Jeez, our designers may not be perfect, but they’re still some of the best in the country. The way some of you bitch n moan, the rest of us are lucky they stick around to build more facilities.

    They’re fixing the problem, so either make constructive suggestions or quit your dam whining please.

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  • mik May 2, 2010 at 11:34 pm

    Hot air, lets analyze this until the cows come home. Lets blame the cars blah, blah, blah, engineers, blah, blah, the city of portland, blah, blah,blah. Figure it out and just ride your damn bike!!!!

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  • are May 3, 2010 at 8:32 am

    re comment 40, this particular situation requires that the motorist pay attention or the cyclist gets hurt, see? re comment 43, the constructive suggestion is not to stripe a bike lane here, but to make it clear to motorists that cyclists will be taking the lane. this is not bitching and moaning. how the cyclist “takes responsibility” here is by taking the lane regardless of the lane striping.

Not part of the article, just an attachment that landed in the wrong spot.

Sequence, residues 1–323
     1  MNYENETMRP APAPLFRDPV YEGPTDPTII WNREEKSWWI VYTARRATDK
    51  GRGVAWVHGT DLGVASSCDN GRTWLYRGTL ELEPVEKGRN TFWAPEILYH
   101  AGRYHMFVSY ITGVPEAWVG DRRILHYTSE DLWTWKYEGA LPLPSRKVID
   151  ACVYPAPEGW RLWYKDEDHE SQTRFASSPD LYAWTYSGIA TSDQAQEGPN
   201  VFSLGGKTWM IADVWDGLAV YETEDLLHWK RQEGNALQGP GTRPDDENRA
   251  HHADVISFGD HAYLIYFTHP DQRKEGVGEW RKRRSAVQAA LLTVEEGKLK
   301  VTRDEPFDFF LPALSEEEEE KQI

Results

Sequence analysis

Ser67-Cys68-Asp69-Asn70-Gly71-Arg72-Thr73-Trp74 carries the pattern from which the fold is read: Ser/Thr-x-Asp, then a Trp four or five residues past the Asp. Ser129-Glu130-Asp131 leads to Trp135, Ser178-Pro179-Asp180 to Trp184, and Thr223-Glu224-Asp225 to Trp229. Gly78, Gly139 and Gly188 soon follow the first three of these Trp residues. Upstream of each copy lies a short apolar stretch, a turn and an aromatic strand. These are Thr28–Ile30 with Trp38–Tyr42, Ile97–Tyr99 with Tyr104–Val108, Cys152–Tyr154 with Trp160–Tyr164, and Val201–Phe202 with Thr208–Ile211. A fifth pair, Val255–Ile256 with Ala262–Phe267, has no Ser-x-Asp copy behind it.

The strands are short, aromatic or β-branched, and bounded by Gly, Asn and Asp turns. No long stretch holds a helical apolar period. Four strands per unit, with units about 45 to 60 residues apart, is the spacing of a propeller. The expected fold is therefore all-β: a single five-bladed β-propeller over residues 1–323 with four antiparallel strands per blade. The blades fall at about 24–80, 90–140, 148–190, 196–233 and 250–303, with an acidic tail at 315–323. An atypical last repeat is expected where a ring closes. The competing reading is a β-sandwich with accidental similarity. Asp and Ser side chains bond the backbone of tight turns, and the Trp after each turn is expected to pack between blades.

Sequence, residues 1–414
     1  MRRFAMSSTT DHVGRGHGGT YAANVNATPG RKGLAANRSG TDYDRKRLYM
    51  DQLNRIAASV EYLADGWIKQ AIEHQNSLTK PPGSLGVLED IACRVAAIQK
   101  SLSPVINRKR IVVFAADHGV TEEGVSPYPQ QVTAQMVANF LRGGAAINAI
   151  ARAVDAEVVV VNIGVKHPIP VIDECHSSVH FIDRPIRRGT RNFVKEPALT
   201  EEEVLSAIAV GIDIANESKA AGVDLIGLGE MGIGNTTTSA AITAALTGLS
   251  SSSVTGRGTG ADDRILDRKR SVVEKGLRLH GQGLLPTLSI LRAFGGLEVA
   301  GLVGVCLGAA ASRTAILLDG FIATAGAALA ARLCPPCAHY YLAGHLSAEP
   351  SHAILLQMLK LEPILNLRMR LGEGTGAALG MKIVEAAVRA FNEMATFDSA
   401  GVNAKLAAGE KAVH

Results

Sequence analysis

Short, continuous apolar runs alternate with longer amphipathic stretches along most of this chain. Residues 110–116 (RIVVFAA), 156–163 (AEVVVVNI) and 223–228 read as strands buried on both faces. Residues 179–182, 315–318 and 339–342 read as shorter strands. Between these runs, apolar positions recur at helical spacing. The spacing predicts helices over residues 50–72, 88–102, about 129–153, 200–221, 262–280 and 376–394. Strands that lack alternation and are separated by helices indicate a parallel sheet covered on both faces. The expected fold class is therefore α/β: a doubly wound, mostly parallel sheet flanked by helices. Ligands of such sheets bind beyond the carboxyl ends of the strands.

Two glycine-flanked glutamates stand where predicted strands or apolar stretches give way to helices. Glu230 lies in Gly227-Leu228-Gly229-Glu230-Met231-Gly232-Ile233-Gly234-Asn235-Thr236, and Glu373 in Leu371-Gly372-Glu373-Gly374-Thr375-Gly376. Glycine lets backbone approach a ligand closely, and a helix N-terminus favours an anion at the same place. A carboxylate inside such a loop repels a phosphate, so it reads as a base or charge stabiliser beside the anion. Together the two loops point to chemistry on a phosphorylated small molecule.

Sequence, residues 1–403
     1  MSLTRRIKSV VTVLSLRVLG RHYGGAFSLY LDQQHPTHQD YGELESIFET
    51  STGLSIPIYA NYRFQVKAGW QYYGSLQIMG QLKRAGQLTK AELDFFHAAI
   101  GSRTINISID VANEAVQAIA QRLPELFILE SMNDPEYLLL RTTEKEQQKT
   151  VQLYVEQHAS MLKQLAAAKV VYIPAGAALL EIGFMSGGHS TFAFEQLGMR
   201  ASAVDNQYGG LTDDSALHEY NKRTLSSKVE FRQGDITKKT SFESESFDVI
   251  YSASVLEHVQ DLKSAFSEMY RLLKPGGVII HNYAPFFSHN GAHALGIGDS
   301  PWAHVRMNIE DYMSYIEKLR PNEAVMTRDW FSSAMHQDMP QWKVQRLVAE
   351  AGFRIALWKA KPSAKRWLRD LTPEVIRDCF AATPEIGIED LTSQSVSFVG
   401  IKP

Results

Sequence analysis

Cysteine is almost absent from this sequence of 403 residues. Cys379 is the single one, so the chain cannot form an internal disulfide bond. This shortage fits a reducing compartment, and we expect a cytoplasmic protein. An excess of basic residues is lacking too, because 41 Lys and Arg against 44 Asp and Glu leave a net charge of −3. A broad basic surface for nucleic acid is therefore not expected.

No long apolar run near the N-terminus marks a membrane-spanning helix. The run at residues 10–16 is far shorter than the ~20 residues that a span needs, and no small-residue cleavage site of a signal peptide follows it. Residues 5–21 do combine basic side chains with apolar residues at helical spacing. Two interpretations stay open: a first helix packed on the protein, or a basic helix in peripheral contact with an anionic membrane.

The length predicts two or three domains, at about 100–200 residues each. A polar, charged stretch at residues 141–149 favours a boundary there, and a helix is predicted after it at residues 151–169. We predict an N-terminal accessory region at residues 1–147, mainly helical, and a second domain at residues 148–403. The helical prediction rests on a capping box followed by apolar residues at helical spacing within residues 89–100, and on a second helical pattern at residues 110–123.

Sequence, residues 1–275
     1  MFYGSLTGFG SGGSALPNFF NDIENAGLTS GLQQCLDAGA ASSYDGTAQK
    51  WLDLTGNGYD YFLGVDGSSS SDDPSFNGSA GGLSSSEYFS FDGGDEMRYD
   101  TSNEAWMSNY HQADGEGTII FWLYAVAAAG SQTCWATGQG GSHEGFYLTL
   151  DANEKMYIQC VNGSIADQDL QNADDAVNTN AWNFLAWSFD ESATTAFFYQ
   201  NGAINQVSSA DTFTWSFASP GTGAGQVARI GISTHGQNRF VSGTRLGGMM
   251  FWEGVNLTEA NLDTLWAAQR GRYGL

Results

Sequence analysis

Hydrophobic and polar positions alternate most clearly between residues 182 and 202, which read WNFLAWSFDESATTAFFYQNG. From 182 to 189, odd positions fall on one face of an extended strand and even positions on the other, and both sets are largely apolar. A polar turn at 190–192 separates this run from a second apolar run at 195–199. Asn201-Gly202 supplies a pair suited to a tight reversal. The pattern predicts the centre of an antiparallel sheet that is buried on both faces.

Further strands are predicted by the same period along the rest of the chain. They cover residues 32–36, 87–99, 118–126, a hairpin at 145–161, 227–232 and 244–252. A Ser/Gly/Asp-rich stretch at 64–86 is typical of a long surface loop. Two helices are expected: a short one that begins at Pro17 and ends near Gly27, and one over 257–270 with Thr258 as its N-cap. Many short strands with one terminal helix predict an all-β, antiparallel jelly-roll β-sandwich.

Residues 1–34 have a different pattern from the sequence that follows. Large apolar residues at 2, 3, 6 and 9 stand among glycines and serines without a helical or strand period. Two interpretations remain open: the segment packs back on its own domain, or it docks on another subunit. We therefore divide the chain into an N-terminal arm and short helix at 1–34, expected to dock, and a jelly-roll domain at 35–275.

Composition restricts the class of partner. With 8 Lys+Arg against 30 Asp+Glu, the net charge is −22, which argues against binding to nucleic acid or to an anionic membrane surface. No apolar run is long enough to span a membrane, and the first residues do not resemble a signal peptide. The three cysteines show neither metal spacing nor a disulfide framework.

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  • Kt May 3, 2010 at 10:26 am

    Wow, bahueh, you obviously didn’t read Carissa’s comment on exactly how she crashed.

    It’s not that she wasn’t paying attention or thinking– it’s the fact that there were poorly placed traffic cones and she had to make a quick decision that put her on the paint line, which was slippery, so she went down.

    Geez, way take things WAY off course.

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  • Unit May 3, 2010 at 10:54 am

    @45, you’re right that is constructive. Also constructive are suggestions to make the design better, or motorist/cyclist behavior that would improve the situation. I was responding to @37, @23: make someone pay! We’re a community, let’s act like it people.

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  • matt picio May 3, 2010 at 12:13 pm

    Unit (#47) – We *are* acting like a community, we’re discussing the issue, and many of us have differing opinions. Differences of opinion don’t invalidate us as a community, they preserve us – it’s only when differences can’t be resolved or accommodated that we run into trouble.